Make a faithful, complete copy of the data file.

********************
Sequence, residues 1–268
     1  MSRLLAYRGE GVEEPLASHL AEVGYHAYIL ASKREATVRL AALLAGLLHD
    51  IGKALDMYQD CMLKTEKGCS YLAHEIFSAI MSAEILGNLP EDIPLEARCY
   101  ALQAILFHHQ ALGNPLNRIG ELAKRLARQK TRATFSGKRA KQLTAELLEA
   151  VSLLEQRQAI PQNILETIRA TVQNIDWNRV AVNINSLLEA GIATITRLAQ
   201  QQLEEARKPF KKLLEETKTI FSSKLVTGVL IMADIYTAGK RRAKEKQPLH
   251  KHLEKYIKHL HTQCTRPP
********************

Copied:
Sequence, residues 1–268
     1  MSRLLAYRGE GVEEPLASHL AEVGYHAYIL ASKREATVRL AALLAGLLHD
    51  IGKALDMYQD CMLKTEKGCS YLAHEIFSAI MSAEILGNLP EDIPLEARCY
   101  ALQAILFHHQ ALGNPLNRIG ELAKRLARQK TRATFSGKRA KQLTAELLEA
   151  VSLLEQRQAI PQNILETIRA TVQNIDWNRV AVNINSLLEA GIATITRLAQ
   201  QQLEEARKPF KKLLEETKTI FSSKLVTGVL IMADIYTAGK RRAKEKQPLH
   251  KHLEKYIKHL HTQCTRPP